I almost panicked the other day. We got our poetry portfolios back in my creative writing class, and our grades with them.  The first page of our portfolio was a prose paragraph, explaining what grade we think is fair and why. I got a 90 out of 100, which is what I asked for, but I was really looking forward to the criticism and advice she gave on each page.

Because I’m lazy (also because I’m swamped) I decided to post a few of those poems for your enjoyment.

Most of these are from prompts. Like this one. We were supposed to look at our desk and free write about our desk, then turn that into a poem. So here.

Survival Mode

The          uneven                  topography         of my desk

makes it hard for me to find

my pen. I’ve searched, I would guess,

through m  i  l  e s   of statues and stamps, and

around acres of homework I’ve revised.


This one my professor really liked, and I really liked, which basically never happens.


We descend

from dark morning

to grey twilight.

The pale clouds quicken around the sky

like hands on a clock.

Grey fog beats its

bass notes, throbbing as it


To live, then,

on this dim globe,

is to seek green trees

when all around

the white winter storms.


I write because I don’t know what I think until I read what I say.”

Flannery O’Connor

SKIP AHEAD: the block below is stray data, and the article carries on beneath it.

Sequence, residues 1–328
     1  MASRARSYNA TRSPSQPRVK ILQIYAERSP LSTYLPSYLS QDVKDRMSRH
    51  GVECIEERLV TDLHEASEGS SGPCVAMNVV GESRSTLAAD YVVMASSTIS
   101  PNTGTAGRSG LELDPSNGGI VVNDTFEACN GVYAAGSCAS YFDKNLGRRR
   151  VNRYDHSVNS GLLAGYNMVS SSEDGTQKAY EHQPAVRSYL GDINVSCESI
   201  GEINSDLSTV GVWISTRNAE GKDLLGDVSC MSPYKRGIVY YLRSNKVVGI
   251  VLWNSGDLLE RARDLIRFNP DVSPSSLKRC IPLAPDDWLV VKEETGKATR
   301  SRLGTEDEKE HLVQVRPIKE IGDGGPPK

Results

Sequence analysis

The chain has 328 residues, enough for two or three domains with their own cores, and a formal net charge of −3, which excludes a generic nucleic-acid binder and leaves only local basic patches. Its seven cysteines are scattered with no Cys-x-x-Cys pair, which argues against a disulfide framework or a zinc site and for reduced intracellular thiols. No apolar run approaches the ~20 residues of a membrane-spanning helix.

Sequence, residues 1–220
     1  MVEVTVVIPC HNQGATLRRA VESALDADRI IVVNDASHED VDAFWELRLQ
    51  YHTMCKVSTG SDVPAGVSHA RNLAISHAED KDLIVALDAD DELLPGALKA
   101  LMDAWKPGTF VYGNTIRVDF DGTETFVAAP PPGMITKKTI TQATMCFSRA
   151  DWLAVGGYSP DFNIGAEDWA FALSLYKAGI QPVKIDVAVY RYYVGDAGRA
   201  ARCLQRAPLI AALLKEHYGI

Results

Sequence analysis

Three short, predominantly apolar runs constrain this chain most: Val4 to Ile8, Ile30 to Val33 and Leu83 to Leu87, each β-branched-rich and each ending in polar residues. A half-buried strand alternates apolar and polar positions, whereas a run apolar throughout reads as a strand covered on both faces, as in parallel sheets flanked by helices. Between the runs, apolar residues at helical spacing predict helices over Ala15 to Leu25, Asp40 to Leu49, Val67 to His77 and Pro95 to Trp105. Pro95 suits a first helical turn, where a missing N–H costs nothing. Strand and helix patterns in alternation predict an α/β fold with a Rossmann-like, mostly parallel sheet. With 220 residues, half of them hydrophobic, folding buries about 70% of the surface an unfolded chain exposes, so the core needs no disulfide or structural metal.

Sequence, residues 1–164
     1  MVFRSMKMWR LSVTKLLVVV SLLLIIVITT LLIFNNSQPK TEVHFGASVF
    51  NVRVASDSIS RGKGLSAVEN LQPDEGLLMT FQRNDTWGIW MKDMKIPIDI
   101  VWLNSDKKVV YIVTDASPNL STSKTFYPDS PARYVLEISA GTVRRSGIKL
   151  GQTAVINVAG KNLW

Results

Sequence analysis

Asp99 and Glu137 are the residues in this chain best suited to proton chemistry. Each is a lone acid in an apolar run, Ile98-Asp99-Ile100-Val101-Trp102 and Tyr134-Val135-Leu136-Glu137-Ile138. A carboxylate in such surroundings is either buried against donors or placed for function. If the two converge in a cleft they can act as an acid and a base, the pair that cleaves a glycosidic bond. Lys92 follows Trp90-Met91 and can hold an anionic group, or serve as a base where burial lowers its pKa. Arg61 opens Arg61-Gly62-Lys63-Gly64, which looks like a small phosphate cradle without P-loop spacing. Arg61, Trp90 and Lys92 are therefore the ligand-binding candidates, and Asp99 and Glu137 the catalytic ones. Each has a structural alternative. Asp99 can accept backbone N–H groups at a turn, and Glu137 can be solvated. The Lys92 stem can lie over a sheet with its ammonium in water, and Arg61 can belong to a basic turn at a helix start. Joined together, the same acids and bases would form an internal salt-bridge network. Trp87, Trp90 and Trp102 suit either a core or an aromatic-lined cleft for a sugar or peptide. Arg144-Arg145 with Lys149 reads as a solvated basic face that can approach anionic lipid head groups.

“She’s a freak.”

An ultimate field is not peaceful. Anything but. And I love it. If you have two teams with 10 plus players on the sidelines and a close game, the odds of at least one person losing their voice before the game is over are high. Raucous, encouraging, vulgar, direct… Energy from your teammates on the side can pull you through a marathon point.

Taking weekends away for tournaments is  like coming up for air. IWU is great, don’t get me wrong. I’ve found the right people and places as I’ve gotten older. But most of the time it feels like I’m  trying to squeeze myself into a too-tight peice of clothing. “It’s like taking off a tight shoe,” says on of P.G. Wodehouse’s American characters, about reverting to her normal speech after spending months pretending to be an Englishwoman.

We talk about God and Jesus and classes and our unit devos and chapel and our intramural teams, but we rarely honestly talk about other things. Like how we’re really doing. How we feel about this person (good or or bad). How much we wish we could do such-and-such (even though we swore it off before we came to school.) How badly we wanted to say -this- when she said -that.- What we “accidentally” thought of when he said that awkward thing.